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Author Topic: Do you have your own stock site (or sites)?  (Read 7639 times)

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ShadySue

« Reply #25 on: December 06, 2012, 18:31 »
0
If you do an exhibition and sell multiple time the same picture to different clients, that's still considered RF, and is a breach of exclusivity contract.
No, it's not. It's selling a print, no matter how many prints you sell.
Even if you sold them a digital image that they could print off, it would still be RM so long as you made it clear that there were limits as to what they could do with the digital file - effectively, you'd be selling a Rights Managed license for them to print the file.

Exclusive ASA 2b:
"nothing shall restrict the Supplier from (i) establishing or maintaining a personal portfolio on the Internet where Exclusive Content is posted for the purposes of art display so long as you are not licensing or giving away rights to the Exclusive Content for anything other than such display; or (ii) using Exclusive Content in connection with the sale by Supplier of prints, t-shirts and other merchandise so long as you are not licensing or giving away rights to the Exclusive Content for anything other than such merchandising. "
« Last Edit: December 06, 2012, 19:21 by ShadySue »


ShadySue

« Reply #26 on: December 06, 2012, 18:32 »
0
^^ iS now allows exclusive artist to sell from other sites, as long as the files are completely different.
Nope, only if they're Rights Managed.

« Reply #27 on: December 06, 2012, 19:11 »
0
The main difference between RM (or work for hire) and RF is the the number of buyers per image.
RF is multiple simultaneous buyers per image
RM is one simultanous buyer per image.

If you do an exhibition and sell multiple time the same picture to different clients, that's still considered RF, and is a breach of exclusivity contract. You can still shoot people and sell them their own portrait, that's basically RM and is allowed.

Dude, you really need to do some research.  You're completely incorrect.

Reef

  • astonmars.com
« Reply #28 on: December 06, 2012, 20:25 »
0
Thanks for clarifying this guys.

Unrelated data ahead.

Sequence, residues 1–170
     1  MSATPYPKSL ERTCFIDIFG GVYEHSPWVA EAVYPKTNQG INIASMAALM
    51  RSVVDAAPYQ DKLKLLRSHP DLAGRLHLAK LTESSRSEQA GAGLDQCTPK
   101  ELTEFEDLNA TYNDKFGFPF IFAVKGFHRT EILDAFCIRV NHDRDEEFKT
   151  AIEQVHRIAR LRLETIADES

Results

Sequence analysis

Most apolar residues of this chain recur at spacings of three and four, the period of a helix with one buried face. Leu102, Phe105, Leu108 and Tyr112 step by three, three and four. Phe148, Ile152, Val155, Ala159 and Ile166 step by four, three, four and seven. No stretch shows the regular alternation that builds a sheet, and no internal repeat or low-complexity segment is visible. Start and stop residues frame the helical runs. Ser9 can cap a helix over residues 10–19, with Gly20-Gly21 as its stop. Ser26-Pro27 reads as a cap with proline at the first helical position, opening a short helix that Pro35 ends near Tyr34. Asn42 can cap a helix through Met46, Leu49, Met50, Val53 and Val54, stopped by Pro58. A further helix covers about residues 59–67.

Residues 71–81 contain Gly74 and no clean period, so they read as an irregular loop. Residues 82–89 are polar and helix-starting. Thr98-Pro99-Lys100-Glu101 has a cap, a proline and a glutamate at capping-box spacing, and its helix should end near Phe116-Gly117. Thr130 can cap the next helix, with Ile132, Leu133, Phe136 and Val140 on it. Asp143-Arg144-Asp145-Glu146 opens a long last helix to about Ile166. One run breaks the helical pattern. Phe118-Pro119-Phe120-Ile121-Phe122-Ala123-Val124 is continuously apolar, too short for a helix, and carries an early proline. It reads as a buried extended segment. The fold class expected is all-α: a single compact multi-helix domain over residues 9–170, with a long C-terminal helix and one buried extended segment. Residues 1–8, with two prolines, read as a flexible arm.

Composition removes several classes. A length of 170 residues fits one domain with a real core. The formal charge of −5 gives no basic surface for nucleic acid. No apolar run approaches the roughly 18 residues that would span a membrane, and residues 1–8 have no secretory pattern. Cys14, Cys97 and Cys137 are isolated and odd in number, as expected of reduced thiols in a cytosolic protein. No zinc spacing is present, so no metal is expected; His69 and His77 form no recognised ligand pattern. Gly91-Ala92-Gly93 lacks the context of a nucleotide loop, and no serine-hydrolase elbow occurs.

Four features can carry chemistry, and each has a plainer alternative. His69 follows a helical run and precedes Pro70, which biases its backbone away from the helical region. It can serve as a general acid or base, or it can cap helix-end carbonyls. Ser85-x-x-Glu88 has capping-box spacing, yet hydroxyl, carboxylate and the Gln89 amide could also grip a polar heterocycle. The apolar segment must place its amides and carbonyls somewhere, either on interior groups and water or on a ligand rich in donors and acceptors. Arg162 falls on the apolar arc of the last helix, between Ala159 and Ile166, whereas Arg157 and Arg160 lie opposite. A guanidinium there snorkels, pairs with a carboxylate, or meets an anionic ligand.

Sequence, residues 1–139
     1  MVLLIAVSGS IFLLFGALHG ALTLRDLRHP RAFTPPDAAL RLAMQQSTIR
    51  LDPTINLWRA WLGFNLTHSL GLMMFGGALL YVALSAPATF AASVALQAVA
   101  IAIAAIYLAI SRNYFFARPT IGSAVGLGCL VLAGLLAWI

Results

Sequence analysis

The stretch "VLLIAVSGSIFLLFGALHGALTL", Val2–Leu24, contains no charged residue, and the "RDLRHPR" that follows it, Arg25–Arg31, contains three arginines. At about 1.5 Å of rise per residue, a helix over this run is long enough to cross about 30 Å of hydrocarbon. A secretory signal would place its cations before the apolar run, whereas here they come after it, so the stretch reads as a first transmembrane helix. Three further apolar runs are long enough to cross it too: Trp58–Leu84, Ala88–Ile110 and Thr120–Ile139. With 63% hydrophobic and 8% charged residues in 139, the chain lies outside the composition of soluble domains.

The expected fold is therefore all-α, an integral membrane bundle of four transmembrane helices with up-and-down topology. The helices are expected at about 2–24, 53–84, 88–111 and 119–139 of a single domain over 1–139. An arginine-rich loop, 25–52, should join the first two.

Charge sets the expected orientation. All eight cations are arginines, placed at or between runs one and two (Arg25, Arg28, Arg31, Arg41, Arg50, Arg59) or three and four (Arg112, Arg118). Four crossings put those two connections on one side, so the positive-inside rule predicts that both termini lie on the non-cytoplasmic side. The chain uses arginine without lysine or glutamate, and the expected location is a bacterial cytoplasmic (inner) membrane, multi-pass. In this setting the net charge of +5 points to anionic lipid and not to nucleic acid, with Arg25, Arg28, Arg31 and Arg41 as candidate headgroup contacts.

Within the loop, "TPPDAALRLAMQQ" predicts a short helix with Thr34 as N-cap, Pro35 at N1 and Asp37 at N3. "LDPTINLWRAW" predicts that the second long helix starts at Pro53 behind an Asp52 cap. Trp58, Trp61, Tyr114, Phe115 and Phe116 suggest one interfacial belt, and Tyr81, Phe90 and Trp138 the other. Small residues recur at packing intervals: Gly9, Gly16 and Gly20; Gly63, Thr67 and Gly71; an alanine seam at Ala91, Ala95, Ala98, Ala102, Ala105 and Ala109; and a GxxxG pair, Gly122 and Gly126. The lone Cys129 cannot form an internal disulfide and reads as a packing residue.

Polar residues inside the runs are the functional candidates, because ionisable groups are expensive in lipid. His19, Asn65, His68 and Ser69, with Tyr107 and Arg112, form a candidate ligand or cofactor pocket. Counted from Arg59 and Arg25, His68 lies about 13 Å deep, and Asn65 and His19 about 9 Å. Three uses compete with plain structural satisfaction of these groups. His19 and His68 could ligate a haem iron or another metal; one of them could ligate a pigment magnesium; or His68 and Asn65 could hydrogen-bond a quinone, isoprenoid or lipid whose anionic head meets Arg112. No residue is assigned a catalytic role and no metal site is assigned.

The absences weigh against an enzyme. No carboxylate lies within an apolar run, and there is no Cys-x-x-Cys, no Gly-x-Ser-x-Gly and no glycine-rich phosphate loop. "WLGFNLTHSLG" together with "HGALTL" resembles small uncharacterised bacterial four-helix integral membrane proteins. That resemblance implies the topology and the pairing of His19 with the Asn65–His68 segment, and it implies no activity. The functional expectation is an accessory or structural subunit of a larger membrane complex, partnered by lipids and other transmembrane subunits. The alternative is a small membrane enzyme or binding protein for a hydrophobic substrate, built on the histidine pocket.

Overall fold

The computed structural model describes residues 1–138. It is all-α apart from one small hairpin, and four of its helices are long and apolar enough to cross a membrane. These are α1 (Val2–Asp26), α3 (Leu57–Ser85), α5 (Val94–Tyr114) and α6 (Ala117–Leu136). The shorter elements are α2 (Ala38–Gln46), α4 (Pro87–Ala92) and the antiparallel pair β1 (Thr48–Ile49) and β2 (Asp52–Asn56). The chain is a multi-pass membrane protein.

I've gone ahead and used the Alamy RM EULA (Worldwide) as the basis for my own RM EULA. The only major change I made was to remove the refund policy (defects excluded) but still allow the license to be cancelled. Well, what the heck :)
« Last Edit: December 06, 2012, 20:31 by Reef »

« Reply #29 on: December 07, 2012, 03:48 »
0
Just sell RM photos off your own site with a 1 hour exclusivity clause in the contract.

^^ note I could not find sarcasm font ^^


« Reply #30 on: December 07, 2012, 07:34 »
0
Just sell RM photos off your own site with a 1 hour exclusivity clause in the contract.

^^ note I could not find sarcasm font ^^

RM does not require exclusivity.

« Reply #31 on: December 07, 2012, 09:58 »
0
I temporarily removed my vectors in my site.

I thought I misread the rule at iStock.  ;D

I went to the forum at iS to confirm.



Let's go back to the topic to talk about our site in this thread.  ::)

« Reply #32 on: December 07, 2012, 11:03 »
0
This is amazing to see the worldwide interest in microstock and in this site. Thank you Leaf for maintaining this site and letting us put up our site links in our signature.

With statcounter analytics help, I have put up a list of locations of some of the visitors that came from microstockgroup.com to visit my site since I replied to this thread on Dec 05. This is interesting to see how wide spread it is. As per following some of you reading this may recognized yourself:

Belgrade,Serbia
Vancouver, Canada
Puyallup, Washington, US
Birmingham, UK
Vouneuil-Sous-Biard, France
Szczepanow, Poland,
Dungannow, UK
Huntersville, NC, US
Istanbul, Turkey
Shanghai, China
Bucharest, Romania
Birkerod, Denmark
Sacramento, CA, US
Moscow, Russia
Katowice, Poland,
Anjou, QC, Canada
Hong Kong
London, UK
Castleford, UK

Denis

 

« Reply #33 on: December 07, 2012, 12:06 »
0
Just sell RM photos off your own site with a 1 hour exclusivity clause in the contract.

^^ note I could not find sarcasm font ^^


RM does not require exclusivity.


http://www.gettyimages.ca/creativeimages/rightsmanaged?Language=en-US

I like where it's written: "exclusivity and control"...

« Reply #34 on: December 07, 2012, 12:10 »
0
I like where it's written: "exclusivity and control"...

"Own the image for the duration of your project and control who else can use it."